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My Coast Guard
Commentary | Oct. 19, 2022

Three things the Office of Cyberspace Forces wants you to know for Cybersecurity Awareness Month  

By MyCG Staff 

October is Cybersecurity Awareness Month, so MyCG decided to seek out the professionals. Here are three things the Office of Cyberspace Forces is doing to safeguard the Coast Guard – plus one thing you can do to help: 

1. Enhancing our expertise with a new Cyber rating for enlisted personnel  

The cyber mission specialist (CMS) rating began rolling out in September. The service is converting 193 cyber billets for the 2023 assignment year. Coast Guard leadership has long recognized the need for a specific rating to train and help retain some of the service’s most technically capable members. Now it has a way to draw cyber experts from different mission backgrounds and provide them with a dedicated career path. By 2024, the goal is to have a CMS workforce of 280 active duty enlisted members and chief warrant officers, plus an 80-member reserve. This will bolster the Coast Guard’s already robust cybersecurity program.  

Applications to make lateral moves into the first active duty CMS closed in September, with selections to be announced sometime around November 1. Look for guidance on Reserve lateral applications later that month and information on the second group of active duty CMS in 2023. Questions? Check out the FAQ or resources available on the cyber rating informational page or contact

2. Teaching Marine Transportation System (MTS) operators about cyber safety  

Knowledge is power, particularly when it comes to protecting the sprawling and diverse MTS from cyberattack. But with so many different operators and systems, how do you educate them all? One way the Coast Guard does it is with CG-FAC Roadshows. These events are hosted at the district or sector level to help keep our partners in the field up to date on everything from cyberattack trends to what capabilities are available for protection, and how to use them. These face-to-face engagements with the service’s cyber staff also provide a forum for all your cyber questions. To date (or so far this year), roadshows have come to 24 locations across eight districts. Future roadshows are scheduled for District 9, including Sector Buffalo, Sector Sault Saint Marie, and Marine Safety Unit Duluth; District 7, including Sector Charleston and Sector Jacksonville; and District 14, to include a visit to Activities Far East – Japan.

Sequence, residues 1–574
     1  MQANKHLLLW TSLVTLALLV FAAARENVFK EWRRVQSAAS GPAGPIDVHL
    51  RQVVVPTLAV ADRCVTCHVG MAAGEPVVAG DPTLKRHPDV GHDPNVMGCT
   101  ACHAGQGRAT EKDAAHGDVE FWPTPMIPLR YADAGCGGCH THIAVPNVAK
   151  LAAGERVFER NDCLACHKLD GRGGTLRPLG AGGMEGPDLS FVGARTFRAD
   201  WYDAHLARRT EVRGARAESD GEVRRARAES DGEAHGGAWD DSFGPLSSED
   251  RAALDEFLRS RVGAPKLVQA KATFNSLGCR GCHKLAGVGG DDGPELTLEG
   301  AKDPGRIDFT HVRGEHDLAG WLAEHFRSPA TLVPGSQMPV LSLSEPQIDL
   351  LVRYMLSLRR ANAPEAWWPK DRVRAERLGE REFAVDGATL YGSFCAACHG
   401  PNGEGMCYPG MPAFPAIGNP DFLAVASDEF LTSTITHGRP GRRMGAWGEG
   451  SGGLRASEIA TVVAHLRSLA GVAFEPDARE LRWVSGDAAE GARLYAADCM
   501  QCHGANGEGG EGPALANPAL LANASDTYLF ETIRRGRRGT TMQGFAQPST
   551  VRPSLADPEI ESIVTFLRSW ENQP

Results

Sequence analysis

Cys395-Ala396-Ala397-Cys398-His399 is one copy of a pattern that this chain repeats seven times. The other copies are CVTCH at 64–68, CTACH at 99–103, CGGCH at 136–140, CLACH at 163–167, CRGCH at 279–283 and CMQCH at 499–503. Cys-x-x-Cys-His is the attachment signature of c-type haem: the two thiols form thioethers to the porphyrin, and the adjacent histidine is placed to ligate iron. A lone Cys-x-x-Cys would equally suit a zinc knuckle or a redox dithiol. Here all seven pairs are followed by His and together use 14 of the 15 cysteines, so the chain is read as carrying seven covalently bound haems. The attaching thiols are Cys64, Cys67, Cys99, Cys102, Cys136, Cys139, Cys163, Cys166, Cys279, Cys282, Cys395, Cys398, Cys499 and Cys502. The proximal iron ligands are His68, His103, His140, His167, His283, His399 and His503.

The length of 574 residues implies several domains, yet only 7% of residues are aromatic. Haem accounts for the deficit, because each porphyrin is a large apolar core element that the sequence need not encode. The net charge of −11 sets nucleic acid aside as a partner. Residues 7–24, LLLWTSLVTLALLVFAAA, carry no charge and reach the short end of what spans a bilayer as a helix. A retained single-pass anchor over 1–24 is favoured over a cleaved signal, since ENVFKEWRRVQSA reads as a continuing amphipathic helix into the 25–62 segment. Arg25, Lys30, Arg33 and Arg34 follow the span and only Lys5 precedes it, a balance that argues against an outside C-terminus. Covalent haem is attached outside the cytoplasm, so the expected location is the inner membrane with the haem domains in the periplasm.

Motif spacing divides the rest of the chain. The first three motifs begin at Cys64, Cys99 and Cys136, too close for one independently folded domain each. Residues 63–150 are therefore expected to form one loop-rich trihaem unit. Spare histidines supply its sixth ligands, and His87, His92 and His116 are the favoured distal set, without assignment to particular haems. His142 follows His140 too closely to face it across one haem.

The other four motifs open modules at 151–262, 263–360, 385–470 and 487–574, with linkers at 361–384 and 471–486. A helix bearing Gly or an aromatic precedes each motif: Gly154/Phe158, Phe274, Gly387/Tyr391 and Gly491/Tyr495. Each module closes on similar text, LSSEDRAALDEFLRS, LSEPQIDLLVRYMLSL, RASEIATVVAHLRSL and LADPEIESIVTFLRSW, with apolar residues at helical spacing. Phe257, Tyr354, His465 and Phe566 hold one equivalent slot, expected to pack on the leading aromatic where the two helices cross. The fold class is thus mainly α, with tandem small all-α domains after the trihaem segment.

The office also helped develop the MTS Incident Playbook outlining strategies and resources to help operational commanders manage cyber incidents.  

3. Cooperating with international partners to reduce the cyber threat  

Boundaries matter little to our adversaries or other bad actors who seek to launch cyber attacks. So, it’s critical to take a global approach to the problem. This past May, the Coast Guard hosted its first Global MTS Cybersecurity Symposium to trade ideas and share best practices with allies about ways to safeguard our systems. Since then, the Coast Guard has worked with international partners, including the Netherlands, Denmark, the United Kingdom, Singapore, and Australia to discuss how the public and private sectors can work together to improve cybersecurity in the maritime sector.

How you can help  

Don’t forget that all-hands must complete the Cyber Awareness Challenge (eLearning course 502829) by Dec. 31. Cybersecurity is not just awareness or compliance. Every employee is a cyber-citizen; you either reinforce or degrade the cybersecurity of the Coast Guard and our nation.  

Remember, if you haven’t completed the challenge by Dec. 31, your account will be disabled in January 2023.  

Learn more about protecting yourself from cyber attacks here.  

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